Search America's historic newspaper pages from 1836-1922 or use the U.S. Newspaper Directory to find information about American newspapers published between 1690-present. Chronicling America is sponsored jointly by the
National Endowment for the Humanities and the Library of Congress. external link Learn more
Image provided by: University of Illinois at Urbana-Champaign Library, Urbana, IL
Newspaper Page Text
"Oh, sure of that, and I've found
out where he's staying. Better wire
"Yes, they'll he sure of him with
The two men proceeded to the
standing desk where the telegraph
blanks were. They were there a long
time. They conversed in low, guard
ed whispers and Mollie noticed con
stantly consulted a written sheet of
paper. Finally they brought the
completed telegram to Mollie at her
"Bridgetown," spoke one of the
men, "How much rush?"
Mollie counted the words. The
message was directed to Barney
Graff, Brown's hotel, Bridgetown.
These were the only words Mollie
could understand. Then sh.e com
prehended the telegram was written
after a secret code. Mollie" told the
men the cost of sending it, proceeded
to rush it and as the money was paid
the two trains going in contrary di
rection that met at Painesville every
evening at that hour arrived and the
men rushed out to catch one or the
other, Mollie did not know which.
In the body of the message two
initials were written, "V. B." Mollie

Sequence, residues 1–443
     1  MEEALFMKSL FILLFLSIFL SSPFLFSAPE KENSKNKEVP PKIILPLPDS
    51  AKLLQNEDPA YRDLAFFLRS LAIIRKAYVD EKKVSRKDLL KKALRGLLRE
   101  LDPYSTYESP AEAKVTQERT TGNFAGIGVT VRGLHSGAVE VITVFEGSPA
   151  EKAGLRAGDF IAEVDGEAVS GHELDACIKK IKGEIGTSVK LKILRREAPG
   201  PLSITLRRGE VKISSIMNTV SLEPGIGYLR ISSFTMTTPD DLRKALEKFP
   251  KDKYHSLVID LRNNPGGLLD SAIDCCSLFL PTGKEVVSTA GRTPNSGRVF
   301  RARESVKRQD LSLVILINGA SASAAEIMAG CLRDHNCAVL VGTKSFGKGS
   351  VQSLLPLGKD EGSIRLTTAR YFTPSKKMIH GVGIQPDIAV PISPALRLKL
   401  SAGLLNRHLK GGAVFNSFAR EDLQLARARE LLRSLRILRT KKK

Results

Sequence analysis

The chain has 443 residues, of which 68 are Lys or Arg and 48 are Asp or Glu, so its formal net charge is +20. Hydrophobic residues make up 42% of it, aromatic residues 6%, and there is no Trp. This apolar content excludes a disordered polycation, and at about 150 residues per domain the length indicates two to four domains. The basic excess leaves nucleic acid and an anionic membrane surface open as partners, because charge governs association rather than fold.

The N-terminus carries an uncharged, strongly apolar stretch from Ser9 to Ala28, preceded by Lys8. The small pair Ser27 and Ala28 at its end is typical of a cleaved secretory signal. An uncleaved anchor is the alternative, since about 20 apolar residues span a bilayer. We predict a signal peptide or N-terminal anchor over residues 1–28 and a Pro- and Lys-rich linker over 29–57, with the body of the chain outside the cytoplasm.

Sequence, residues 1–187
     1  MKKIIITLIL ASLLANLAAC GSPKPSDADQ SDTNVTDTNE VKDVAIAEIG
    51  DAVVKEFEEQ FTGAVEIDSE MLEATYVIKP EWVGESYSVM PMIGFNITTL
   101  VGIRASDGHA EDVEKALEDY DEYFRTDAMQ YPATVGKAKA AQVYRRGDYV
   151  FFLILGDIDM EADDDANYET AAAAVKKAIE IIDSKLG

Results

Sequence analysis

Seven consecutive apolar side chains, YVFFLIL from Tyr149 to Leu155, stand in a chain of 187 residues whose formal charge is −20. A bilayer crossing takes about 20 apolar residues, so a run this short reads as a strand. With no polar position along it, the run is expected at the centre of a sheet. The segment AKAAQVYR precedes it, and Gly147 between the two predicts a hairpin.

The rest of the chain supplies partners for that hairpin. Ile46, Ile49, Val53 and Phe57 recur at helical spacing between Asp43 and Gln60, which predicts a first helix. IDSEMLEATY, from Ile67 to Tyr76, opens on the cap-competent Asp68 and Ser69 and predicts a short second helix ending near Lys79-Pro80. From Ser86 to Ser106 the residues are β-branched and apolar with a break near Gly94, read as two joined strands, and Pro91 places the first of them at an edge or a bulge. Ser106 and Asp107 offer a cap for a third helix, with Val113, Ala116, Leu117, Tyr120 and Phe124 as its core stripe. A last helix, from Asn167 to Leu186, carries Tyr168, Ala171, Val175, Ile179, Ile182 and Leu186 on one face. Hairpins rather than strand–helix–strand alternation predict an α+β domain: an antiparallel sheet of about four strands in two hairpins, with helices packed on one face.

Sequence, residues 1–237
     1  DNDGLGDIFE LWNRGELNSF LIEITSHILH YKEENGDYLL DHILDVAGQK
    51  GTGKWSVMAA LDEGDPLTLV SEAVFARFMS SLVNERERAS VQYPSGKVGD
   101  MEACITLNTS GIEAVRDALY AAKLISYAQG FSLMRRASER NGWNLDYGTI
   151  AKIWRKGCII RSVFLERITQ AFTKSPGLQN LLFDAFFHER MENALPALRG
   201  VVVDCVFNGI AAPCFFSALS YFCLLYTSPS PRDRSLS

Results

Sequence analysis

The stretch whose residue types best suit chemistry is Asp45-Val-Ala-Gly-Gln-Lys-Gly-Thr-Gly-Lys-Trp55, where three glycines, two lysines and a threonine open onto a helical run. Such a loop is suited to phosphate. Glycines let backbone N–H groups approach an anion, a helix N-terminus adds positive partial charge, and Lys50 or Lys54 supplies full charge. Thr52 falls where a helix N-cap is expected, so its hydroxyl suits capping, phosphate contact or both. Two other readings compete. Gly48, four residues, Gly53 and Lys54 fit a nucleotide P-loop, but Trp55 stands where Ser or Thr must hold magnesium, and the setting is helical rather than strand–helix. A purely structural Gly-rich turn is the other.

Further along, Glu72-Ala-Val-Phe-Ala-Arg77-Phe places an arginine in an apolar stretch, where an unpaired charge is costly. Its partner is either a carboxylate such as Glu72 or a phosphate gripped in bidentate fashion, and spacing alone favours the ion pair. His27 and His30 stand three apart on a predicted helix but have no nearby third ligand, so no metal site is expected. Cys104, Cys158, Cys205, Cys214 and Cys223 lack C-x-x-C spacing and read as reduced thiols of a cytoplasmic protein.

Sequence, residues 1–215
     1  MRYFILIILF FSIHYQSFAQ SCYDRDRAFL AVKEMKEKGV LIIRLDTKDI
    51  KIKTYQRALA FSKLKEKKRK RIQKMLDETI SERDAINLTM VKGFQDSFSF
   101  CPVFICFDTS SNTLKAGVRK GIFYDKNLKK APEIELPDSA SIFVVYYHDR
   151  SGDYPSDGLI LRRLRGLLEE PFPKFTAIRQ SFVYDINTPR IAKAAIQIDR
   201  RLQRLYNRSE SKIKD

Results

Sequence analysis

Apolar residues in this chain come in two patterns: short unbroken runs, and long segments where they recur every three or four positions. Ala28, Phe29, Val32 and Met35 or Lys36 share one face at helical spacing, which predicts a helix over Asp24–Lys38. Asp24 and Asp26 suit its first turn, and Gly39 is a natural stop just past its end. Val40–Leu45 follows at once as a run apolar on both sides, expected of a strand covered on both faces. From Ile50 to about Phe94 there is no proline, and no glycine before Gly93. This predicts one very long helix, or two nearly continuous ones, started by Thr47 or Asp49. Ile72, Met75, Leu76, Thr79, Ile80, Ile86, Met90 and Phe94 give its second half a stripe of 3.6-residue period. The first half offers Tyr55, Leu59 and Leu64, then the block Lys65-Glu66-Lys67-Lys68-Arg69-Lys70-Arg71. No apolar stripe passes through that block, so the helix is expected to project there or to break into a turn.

smiled, for they were those of her
lover. Of course, they did not apply
to him, but they Teminded her of him
that was a pleasure. She sent the
message, being careful to repeat to.
terminus, for the words made no
sense. Then she read a little and did
some crochet work, and then went
out of h8r little den to close the door,
for the night was growing quite
As Mollie started back for her op
erating desk she noticed a stray
sheet of paper lying on the flbor.
Sh" picked it up.
"Why!" she murmured, as she car
ried it to the light, "this Is the same
sheet of paper those men consulted
so much. Yes, this is the key code
to the funny wire which those men
Mollie was glad to have something
to break the monotony. She set
herself to work to compare the tele
gram with the code. First, it was
idle curiosity. Then it became sheer
interest and then alarm! For this
Is what ' the message, translated,
"Barney Graff, Brown's Hotel,
Bridgetown. V. B. .was here. Left
on afternoon train. Is at his regular
hotel at Bridgetown. Get him. He
has the evidence with him and it's do
him right or the pen for the gang."
In a flash quick, intelligent Mollie
comprehended. The two men who
had sent the telegram had arrived at
Painesville too late to find Vernon.
They had inquired about him and
had learned his destination. They
had wired some accomplice to do
what? rob Vernon of the evidence
of their evil doings, and to murder
him oh, that was certain! and Mol
lie was distracted.
What should she d6, what should
she do? How could she warn Ver
non? She did not know the hotel
he usually stopped at Mollie paced
the floor in an agony of apprehension
and distress. She had about made up
her mind to run to the house, half a
mile away and apprise her brother
Herbert of the situation when a sud
den thought came to her.
"The very thing!" she cried and
sprang to the telegraph instrument
Her nimble fingers quivered as she
clicked out the message that might
mean life or death to the man she,
loved, according to the dispatch with
which its mandate was executed:
"Jacob Bull, Chief of Police,
"Arrest at once Vernon Beardsley,
lawyer, staying at principal hotel
in your city. Hold without bail till
advised. Wanted for burglary.
"JOHN CRAWFORD, Marshal.
"D. D. I."
"Then Mollie sped home. She got
her brother to take her place, waited
three hours and caught the midnight
express for Bridgetown.
"I am the daughter of Marshal